In the same quiet way this season introduced the new arc the gang is facing, we have a shocking, almost unbelievable, and understated exit of a main character. To get to this quiet exit, we go on a journey with our crew in a quiet episode focusing only on a small group of characters – one of those Walking Dead style bottle episodes. We examine the idea of what it means to “let go” and also call to question what the philosophy of this new world means.
In a brilliant and dramatic cold open, we intercut between Rick ruminating over the idea of Carol taking it upon herself to “mercy kill” Karen and David before the illness struck them worse while Carol comforts a young girl she has grown close to in between the seasons – Lizzie, whose father passed away and the man Carol mercy killed during the Cell Block D attack. Carol tries to impress on Lizzie the philosophy she’s adopted – you can’t be afraid in these times when you’re called into action. Lizzie shares her belief that walkers still contain some semblance of the people they once were – likening turning to natural change and transformation humans constantly undergo.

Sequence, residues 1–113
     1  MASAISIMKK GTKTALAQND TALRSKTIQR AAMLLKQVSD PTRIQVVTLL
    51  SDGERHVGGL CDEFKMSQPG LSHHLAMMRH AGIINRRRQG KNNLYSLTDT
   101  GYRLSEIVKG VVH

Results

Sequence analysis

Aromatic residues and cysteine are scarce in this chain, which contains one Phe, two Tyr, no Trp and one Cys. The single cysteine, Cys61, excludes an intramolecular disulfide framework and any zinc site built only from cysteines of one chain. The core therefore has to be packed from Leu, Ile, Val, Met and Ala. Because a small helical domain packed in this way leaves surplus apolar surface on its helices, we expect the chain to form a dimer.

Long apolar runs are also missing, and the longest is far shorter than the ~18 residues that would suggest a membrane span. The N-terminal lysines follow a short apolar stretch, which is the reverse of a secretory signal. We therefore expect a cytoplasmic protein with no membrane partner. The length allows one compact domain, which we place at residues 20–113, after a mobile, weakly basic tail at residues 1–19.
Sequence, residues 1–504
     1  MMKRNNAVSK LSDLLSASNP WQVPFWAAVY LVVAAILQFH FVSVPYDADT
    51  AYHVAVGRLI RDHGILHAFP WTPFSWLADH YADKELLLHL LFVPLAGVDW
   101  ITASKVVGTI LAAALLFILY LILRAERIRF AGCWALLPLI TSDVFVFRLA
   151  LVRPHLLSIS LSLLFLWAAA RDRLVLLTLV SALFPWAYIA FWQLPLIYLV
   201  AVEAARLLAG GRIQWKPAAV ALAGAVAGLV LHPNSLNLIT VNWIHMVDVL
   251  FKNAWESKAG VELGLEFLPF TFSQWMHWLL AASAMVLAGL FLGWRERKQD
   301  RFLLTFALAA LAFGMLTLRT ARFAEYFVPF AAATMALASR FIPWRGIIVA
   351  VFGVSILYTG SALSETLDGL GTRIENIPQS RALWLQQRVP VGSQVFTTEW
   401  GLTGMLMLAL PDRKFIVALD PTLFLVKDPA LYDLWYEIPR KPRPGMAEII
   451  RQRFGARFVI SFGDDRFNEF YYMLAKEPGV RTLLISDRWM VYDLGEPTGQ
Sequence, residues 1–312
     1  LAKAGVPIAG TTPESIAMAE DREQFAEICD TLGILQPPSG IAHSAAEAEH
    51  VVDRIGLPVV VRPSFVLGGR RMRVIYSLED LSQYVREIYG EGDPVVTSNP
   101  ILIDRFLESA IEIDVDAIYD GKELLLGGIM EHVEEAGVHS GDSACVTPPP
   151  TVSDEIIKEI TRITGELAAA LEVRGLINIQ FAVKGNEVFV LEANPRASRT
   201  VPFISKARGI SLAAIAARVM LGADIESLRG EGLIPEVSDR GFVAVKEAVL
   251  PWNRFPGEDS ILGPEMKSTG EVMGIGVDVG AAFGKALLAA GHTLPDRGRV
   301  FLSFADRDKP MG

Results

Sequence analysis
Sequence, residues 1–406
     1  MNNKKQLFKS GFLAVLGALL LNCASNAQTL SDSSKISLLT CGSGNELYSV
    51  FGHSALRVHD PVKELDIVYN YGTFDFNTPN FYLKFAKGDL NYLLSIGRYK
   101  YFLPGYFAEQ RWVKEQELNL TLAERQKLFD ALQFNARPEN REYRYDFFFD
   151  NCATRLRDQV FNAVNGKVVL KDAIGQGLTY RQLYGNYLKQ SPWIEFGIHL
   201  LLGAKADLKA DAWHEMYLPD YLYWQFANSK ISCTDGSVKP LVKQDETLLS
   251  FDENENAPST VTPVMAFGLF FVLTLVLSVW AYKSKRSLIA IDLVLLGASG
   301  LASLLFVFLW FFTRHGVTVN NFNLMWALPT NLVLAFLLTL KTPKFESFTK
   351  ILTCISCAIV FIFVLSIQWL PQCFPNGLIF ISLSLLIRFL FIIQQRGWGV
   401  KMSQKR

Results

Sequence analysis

We find that Rick decided to go on an emergency search for supplies since Daryl, Bob, Tyreese, and Michonne have yet to return. He chooses Carol to go on the mission with him. We follow his journey with Carol while also following the still stranded Daryl, Bob, Tyreese, and Michonne as they continue their mission to the veterinary school.